However, he welcomed criticisms from the unnamed movement. He said he is anticipating their online insults and reactions which he described as their “dictionary of abuses”; but said he would be ready to face them.
“They can go back to the internet, open their dictionary of abuses and start all over again; I will come back and tell them that you are ‘mumu’ (foolish). You were not playing your script,” he said.
“If you are knowledgeable and read books, you should be able to put two and two together to ask questions even before this election starts. Is this what and what was going on then, and then you discuss and form your conclusions?’’
Soyinka’s latest work is two years after his tenth entry for his popular intervention series, Trumpism in Academe: The Example of Caroline Davis and Spahring Partners in 2021.
In the ‘Putin Files’, the eleventh entry, the literary legend takes on the still unfolding and increasingly brutal war in Ukraine.
The author, who released his most recent novel ‘Chronicles of the happiest people on Earth’ after 48 years, shares his opinions on Russian President Vladimir Putin’s approach to the war and possible lessons and resolutions the African continent can draw from it.
His blurb questions why Putin has overtaken others to be the most deserving of his criticism and why Africa should be concerned to learn about Putin and his business.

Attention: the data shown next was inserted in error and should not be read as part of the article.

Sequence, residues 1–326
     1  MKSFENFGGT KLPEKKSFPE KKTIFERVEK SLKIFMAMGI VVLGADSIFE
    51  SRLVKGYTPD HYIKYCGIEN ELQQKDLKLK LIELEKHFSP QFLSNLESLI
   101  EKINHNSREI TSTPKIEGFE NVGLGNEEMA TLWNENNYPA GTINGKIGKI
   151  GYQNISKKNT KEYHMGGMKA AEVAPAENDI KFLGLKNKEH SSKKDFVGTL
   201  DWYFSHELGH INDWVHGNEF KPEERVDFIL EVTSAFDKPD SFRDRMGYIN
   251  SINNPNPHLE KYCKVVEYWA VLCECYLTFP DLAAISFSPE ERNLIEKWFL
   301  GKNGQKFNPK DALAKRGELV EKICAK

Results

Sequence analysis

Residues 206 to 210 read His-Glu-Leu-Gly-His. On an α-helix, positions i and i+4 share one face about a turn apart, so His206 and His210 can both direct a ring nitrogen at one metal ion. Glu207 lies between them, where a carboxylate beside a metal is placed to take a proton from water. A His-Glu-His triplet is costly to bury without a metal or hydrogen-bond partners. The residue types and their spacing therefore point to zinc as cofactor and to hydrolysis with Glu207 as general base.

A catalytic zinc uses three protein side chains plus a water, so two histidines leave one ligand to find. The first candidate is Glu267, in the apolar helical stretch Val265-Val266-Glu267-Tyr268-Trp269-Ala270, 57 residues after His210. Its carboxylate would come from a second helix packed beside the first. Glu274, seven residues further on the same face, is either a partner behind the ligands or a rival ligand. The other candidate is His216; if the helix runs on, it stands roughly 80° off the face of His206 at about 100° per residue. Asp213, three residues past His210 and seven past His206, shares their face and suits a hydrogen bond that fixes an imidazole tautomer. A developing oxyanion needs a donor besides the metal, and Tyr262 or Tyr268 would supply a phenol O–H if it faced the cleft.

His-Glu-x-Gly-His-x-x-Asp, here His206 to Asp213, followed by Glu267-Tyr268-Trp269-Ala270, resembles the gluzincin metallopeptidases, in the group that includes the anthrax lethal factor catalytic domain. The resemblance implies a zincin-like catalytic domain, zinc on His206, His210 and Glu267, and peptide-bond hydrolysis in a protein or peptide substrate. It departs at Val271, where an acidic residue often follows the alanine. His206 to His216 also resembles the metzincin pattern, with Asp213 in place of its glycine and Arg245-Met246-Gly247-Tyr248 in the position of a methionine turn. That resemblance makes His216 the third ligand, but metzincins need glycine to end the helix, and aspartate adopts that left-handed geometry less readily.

It reads, “Why Putin? Why has he overtaken others as the most deserving, today, of my deadly daggered? Why should Africa, or any entity related to their continent, poke her nose in Putin’s business? Of course, that is assuming that the ongoing human catastrophe in Ukraine is strictly Putin’s business, to begin with?”
Meanwhile, raising a suggestion, a political economist, Kingsley Moghalu, said the subject of the Ukraine war deserved a much more global audience to have the discourse.
He noted that it was an eyesore to see people’s ignorance regarding the war in Ukraine and Africans’ position on it.
He further requested that it is essential that Mr Soyinka take it up because it would be picked up globally.
However, in response, the Nobel Laureate said he should be counted out but acknowledged that the idea was good.
He said, “I agree with taking it to global space, but include me out. Wherever you are, you can talk about it. People need to read. We talk about democracy, but can you take democracy and put it in a pot to cook and feed people? So, there should be a global platform.”
Organisers and guests
The book launch was organised by Bookcraft Africa, the publisher of his Intervention series since 2004.
The launch held at Freedom Park, Lagos Island, and via Zoom featured book readings by Mr Soyinka, including audience members. The session also allowed guests to engage with Mr Soyinka on the book’s subject.
Also, there was a conversation between the Nobel Laureate and a professor of political science, Anthony Kila. The section had Mr Kila ask the author questions, which he responded to as they shared their opinions.
During the session, the audience and guests also got the opportunity to ask their questions on the subject of the book and outside it.
The event, which was more of an intimate gathering of poets, authors and fans, was attended by notable personalities like Lola Shoneyin, Omoyele Sowore, Kingsley Moghalu, Anthony Kila, and Ogaga Ifowodo, among others.